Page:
Insurance

You should research and bring estimates for homeowners’ insurance and tax rates to your lender when you are looking to get preapproved. The lender can estimate these for you, but the lender’s estimates may be inaccurate. If you’ve done your research, you can supply the lender with your own numbers that you know to be reasonably accurate. (For information on shopping for homeowners insurance, see our Homeowners Insurance Guide.)

Net Worth

Add up how much money you have in all your accounts: retirement, savings, checking, brokerage, etc. You do not need to supply account numbers at this point.

Prequalification

After you reach the end of the online form or the conversation, an algorithm will spit out a purchase price it thinks you can afford. This is commonly referred to as prequalification. The terms prequalification and preapproval get swapped all the time, but for the purposes of this article, we’ll use prequalified to mean that you’ve just completed the quickie application process over the phone, and preapproval to mean that an underwriter has reviewed supporting documentation of your financial situation (such as previous years’ tax returns and two months of bank statements) and generated a customized maximum amount the bank will lend you. You want to obtain preapproval, not prequalification, before you start shopping for a house.

At the prequalification stage, lenders will give you a preliminary good faith estimate that will list the loan amount you might qualify for, interest rate you might qualify for and what your closing costs might be. These numbers are all estimates. What you’re really trying to do here is judge loan officers or mortgage brokers moreso than the offers themselves. The most important thing in choosing a lender is not choosing the one that gives you the cheapest good faith estimate, but choosing the one that seems the most trustworthy, knowledgeable and reliable and tries to give you the most realistic good faith estimate possible at this point. If you have a friend or relative who can recommend a mortgage lender or broker, that’s a great place to start.

Mismatching Estimates

The bank may say you qualify for more or less than you think you should. If the bank says you qualify for less than you think you should (or less than you know you need to buy the type and location of home you want), don’t take this as a final answer. To improve your attractiveness to lenders, there are things you can accomplish in just a few months: improving your credit score, decreasing your debt, increasing your savings and getting a higher-paying job in the same line of work. (To learn more, read 5 Steps to Scoring a  Mortgage.)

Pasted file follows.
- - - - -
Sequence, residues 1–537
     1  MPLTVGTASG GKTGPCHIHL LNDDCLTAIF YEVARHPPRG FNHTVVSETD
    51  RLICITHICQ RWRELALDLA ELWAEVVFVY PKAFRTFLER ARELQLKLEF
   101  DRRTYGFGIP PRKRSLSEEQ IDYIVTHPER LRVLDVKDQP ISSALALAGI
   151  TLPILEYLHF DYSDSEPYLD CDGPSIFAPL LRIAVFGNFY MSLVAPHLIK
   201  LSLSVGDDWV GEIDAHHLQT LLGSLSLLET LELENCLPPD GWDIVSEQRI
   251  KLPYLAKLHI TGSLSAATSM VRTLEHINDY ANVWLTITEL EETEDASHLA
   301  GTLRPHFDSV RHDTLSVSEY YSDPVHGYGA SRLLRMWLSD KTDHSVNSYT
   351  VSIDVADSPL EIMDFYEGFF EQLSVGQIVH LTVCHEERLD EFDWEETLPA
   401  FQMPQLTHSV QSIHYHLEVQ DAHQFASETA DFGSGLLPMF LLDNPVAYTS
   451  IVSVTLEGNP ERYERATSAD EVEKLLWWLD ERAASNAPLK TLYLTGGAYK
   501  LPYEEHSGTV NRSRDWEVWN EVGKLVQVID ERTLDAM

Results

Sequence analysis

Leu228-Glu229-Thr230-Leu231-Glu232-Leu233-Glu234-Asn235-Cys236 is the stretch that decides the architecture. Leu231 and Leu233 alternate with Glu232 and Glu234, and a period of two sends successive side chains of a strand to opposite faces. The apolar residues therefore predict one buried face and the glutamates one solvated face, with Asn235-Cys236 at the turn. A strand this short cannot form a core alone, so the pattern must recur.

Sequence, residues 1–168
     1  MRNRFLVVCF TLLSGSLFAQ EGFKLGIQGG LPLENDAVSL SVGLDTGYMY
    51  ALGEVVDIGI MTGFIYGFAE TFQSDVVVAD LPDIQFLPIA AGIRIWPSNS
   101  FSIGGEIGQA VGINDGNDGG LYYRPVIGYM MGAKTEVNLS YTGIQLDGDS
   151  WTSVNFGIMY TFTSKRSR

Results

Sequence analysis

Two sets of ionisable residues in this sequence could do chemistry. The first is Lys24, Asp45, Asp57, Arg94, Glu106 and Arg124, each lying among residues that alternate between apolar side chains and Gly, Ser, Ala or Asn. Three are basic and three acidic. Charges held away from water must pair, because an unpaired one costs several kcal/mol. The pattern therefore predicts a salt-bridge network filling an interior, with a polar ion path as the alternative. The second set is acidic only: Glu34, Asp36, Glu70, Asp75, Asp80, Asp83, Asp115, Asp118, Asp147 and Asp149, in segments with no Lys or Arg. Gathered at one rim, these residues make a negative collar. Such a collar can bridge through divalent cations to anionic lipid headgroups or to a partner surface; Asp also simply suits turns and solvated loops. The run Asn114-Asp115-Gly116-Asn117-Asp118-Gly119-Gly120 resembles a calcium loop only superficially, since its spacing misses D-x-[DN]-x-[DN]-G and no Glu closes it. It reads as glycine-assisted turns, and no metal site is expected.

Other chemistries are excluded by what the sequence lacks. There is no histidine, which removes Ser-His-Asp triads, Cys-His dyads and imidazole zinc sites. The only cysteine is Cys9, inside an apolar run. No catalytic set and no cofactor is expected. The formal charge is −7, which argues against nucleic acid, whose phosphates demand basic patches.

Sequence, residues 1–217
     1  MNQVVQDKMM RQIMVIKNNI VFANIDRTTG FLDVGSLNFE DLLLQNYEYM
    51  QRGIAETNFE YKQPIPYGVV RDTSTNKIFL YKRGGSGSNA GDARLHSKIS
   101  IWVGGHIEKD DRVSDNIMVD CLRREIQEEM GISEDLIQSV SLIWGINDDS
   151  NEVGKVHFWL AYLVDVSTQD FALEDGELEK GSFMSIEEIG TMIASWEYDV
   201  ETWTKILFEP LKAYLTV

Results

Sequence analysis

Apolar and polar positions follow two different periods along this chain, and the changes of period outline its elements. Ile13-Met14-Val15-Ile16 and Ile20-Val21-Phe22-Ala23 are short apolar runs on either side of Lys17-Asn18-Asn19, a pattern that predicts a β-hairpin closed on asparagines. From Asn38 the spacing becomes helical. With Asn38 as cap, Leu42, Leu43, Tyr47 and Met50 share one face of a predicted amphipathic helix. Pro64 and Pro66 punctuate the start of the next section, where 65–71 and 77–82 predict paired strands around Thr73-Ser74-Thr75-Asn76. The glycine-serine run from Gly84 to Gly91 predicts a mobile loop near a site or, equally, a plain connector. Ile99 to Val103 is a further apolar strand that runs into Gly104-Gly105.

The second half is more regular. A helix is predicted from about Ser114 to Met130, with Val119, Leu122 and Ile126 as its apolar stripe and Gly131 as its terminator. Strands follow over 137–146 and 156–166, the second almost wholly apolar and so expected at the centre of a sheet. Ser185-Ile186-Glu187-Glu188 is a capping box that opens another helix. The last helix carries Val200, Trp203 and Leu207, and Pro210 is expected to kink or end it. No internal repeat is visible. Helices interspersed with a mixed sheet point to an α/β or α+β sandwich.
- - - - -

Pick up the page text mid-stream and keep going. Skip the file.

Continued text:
If the bank says you qualify for more than you think you should, ask how the estimate was calculated. That’s a perfectly reasonable question that any competent loan officer should be able to answer easily. You shouldn’t take the lender up on an high offer that doesn’t match your calculations (assuming you’ve double checked your calculations), but the good news in this scenario is that you shouldn’t have any trouble getting preapproved for a loan you can truly afford.

Once you’ve prequalified with a few lenders and decided which you might prefer to work with, you’ll want to pass the underwriting test so you have a genuine preapproval that will allow you to make an offer on a home. All lenders will want similar paperwork from you for this process, so get it together before you apply – it may take longer to gather than you think. Here’s a list of commonly requested paperwork:

  • last two months of statements for all asset accounts (savings, retirement, brokerage and checking)
  • last two years’ W-2 forms
  • last two years’ tax returns
  • most recent month’s pay stubs (your last two pay stubs if you are paid every two weeks and your last pay stub if you get paid monthly)
  • if you’re self-employed, a year-to-date profit-and-loss statement
  • 1099s for the last two years
  • copy of driver’s license
  • copy of Social Security card

Expect to wait at least a week to get your real preapproval. It may take longer depending on the underwriter’s work ethic and work load and whether they need additional documentation from you. The entire loan preapproval process, from gathering your information and paperwork to contacting several lenders and passing underwriting will probably take you at least two weeks unless you have nothing else to do. When you’re trying to juggle applying for a loan with work and your other day-to-day responsibilities, it’s easy to spend even a month or more in this stage because you can’t find time to work on your loan every day.

Once you have a written preapproval letter in hand, you’re almost ready for the fun part – home shopping. But first, you must find an agent.

Buying a Home: Find an Agent